It’s hard to tell these days exactly where President Trump’s chances of a second term stand.
On one hand, the Trump legal team of Rudy Giuliani and Jenna Ellis, along with unofficial attorney-ally Sidney Powell, have been striking out at the local and state level with judge who seem wholly disinterested in hearing their cases.
Furthermore, President Trump has oscillated between adamant refusal to concede the election, and a tacit acknowledgment that he may not be President come January 21st. On Friday, he even tweeted about the coming “Biden Administration” – his words, not mine – which is as close to a concession as the Commander in Chief has gotten.
But there is still a doozy of a lawsuit out there, making a bee-line for the Supreme Court.
The litigious effort comes to us from Texas, and has been supported by a number of state AG’s, as well as by over 100 House Republicans.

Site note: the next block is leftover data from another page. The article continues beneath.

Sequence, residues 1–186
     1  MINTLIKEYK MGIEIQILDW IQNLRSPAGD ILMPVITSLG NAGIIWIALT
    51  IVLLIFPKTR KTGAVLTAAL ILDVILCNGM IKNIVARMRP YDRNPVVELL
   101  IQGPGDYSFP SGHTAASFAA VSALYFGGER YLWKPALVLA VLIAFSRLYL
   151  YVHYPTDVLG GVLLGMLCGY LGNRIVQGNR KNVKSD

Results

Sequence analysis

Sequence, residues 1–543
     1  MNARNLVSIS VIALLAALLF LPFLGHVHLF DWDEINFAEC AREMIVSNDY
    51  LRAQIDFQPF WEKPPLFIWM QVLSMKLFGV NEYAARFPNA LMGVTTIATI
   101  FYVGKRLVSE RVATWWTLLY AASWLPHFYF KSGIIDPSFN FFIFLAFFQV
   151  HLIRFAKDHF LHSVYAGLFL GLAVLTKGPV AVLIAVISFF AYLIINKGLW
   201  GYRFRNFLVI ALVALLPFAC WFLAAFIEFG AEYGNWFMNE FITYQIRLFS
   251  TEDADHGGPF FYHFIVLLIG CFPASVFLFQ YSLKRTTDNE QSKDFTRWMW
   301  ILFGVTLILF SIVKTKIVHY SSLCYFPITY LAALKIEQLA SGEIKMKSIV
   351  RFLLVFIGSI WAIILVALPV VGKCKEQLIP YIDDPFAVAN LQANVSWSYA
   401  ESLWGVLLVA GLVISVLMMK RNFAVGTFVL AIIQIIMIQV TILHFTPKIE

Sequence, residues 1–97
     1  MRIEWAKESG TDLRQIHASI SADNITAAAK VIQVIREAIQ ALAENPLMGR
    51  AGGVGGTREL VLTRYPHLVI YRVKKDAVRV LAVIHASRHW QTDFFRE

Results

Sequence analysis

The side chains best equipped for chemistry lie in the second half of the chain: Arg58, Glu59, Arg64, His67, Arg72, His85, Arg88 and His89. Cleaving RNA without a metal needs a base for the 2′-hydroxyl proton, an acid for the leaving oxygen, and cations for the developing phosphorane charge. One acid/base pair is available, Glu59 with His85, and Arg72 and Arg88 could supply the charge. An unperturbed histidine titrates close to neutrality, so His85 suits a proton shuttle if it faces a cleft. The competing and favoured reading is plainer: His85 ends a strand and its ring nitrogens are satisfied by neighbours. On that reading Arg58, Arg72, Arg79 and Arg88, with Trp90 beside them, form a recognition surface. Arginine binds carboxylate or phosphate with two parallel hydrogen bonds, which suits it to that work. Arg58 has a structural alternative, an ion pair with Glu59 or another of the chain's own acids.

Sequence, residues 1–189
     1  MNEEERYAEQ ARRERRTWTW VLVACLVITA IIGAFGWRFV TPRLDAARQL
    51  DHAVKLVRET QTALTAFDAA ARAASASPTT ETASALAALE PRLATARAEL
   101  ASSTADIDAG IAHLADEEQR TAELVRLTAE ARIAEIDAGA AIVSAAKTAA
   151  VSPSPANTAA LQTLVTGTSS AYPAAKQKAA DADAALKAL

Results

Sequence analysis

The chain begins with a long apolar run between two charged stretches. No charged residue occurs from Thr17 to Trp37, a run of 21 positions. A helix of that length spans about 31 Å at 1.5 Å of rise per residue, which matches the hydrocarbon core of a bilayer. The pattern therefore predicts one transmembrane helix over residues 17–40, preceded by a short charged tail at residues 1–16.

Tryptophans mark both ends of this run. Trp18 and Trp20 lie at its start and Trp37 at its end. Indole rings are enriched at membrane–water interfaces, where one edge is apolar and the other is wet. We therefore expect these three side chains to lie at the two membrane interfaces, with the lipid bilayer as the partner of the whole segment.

Oh, and it now has the backing of two states that don’t even exist.
Two pseudo states filed an amicus brief Friday backing the Texas lawsuit seeking to overturn the election results in four battleground states won by President-elect Joe Biden.
In a 13-page brief filed with the Supreme Court, “New California State” and “New Nevada State” argue they are “directly impacted by the arbitrary and capricious changes in election laws and procedures occur with unfortunate regularity in the current States of California and Nevada.”
New California State and New Nevada State are movements seeking to form new states from rural counties. New California declared its independence in 2018 in an effort to become the 51st state.
The legal brief filed Friday argues that in-person and absentee votes were unconstitutionally handled differently across counties in California and Nevada. It also alleged that those who registered to vote on Election Day were treated differently than those who registered at least 30 days before the election.
The original Texas lawsuit claims that mail-in balloting in a number of swing states was performed unconstitutionally, and that this action injure the Lone Star State’s standing in the election itself.
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